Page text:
Detection and analysis of emotional highlights in film
Rothwell, Sandra (2007) Detection and analysis of emotional highlights in film. PhD thesis, Dublin City University.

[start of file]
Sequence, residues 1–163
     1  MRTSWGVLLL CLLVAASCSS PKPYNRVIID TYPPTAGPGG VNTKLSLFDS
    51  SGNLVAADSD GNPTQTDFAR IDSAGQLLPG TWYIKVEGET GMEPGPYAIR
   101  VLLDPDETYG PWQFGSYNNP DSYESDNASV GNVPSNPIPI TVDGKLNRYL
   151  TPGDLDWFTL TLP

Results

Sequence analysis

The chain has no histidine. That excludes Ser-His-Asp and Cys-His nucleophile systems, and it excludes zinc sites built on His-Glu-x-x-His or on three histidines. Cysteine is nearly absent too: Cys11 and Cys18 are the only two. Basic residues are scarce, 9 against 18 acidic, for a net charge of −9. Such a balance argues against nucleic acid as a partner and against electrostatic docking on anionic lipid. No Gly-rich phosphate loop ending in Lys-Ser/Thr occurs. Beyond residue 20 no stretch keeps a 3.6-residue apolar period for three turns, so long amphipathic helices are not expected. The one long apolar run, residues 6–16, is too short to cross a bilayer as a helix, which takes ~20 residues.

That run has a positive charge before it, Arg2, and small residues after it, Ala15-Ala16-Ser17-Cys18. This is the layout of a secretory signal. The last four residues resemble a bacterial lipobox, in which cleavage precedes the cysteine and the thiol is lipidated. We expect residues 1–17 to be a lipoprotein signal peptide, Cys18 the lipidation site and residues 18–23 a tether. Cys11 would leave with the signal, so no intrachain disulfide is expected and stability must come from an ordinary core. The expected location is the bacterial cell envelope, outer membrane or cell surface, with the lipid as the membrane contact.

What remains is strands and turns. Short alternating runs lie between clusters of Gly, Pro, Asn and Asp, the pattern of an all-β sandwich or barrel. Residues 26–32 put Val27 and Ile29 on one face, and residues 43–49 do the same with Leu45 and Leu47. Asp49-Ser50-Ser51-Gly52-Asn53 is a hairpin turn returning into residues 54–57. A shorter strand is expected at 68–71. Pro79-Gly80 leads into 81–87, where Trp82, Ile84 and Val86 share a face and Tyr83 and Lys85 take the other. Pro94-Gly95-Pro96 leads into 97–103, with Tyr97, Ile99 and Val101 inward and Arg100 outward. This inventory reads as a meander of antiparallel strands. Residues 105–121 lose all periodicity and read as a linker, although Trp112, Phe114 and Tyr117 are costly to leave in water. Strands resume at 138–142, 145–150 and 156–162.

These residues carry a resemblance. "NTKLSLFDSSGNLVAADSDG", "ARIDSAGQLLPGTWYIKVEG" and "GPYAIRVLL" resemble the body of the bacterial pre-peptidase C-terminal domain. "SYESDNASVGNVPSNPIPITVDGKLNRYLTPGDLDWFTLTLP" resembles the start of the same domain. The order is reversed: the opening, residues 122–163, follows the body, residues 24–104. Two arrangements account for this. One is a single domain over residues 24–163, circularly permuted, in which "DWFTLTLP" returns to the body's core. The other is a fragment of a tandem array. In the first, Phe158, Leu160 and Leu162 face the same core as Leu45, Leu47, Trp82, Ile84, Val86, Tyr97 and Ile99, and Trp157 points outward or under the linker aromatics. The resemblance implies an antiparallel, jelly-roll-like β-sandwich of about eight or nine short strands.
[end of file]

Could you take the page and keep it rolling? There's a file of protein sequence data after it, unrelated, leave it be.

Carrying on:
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Thls work explores the emotional experience of viewing a film or movie. We seek to invesagate the supposition that emotional highlights in feature films can be detected through analysis of viewers' involuntary physiological reactions. We employ an empirical approach to the investigation of this hypothesis, which we will discuss in detail, culminating in a detailed analysis of the results of the experimentation carried out during the course of this work. An experiment, known as the CDVPlex, was conducted in order to compile a ground-truth of human subject responses to stimuli in film. This was achieved by monitoring and recordng physiological reactions of people as they viewed a large selection of films in a controlled cinema-like environment using a range of biometric measurement devices, both wearable and integrated. In order to obtain a ground truth of the emotions actually present in a film, a selection of the films used in the CDVPlex were manually annotated for a defined set of emotions. We examine how filmmakers use devices and techniques to stimulate viewers' emotions, particularly how music is used in film to intensify the impact of onscreen action. We also examine the different event types of which film scenes are comprised and how they can be detected using audio-visual analysis of the video content. Finally, we calculate and study the correlations between the emotions found in the annotated films, and "events" or highhghts in the viewers' biometric measurements, and also between the scene events and music occurring in the film and the emotions present.
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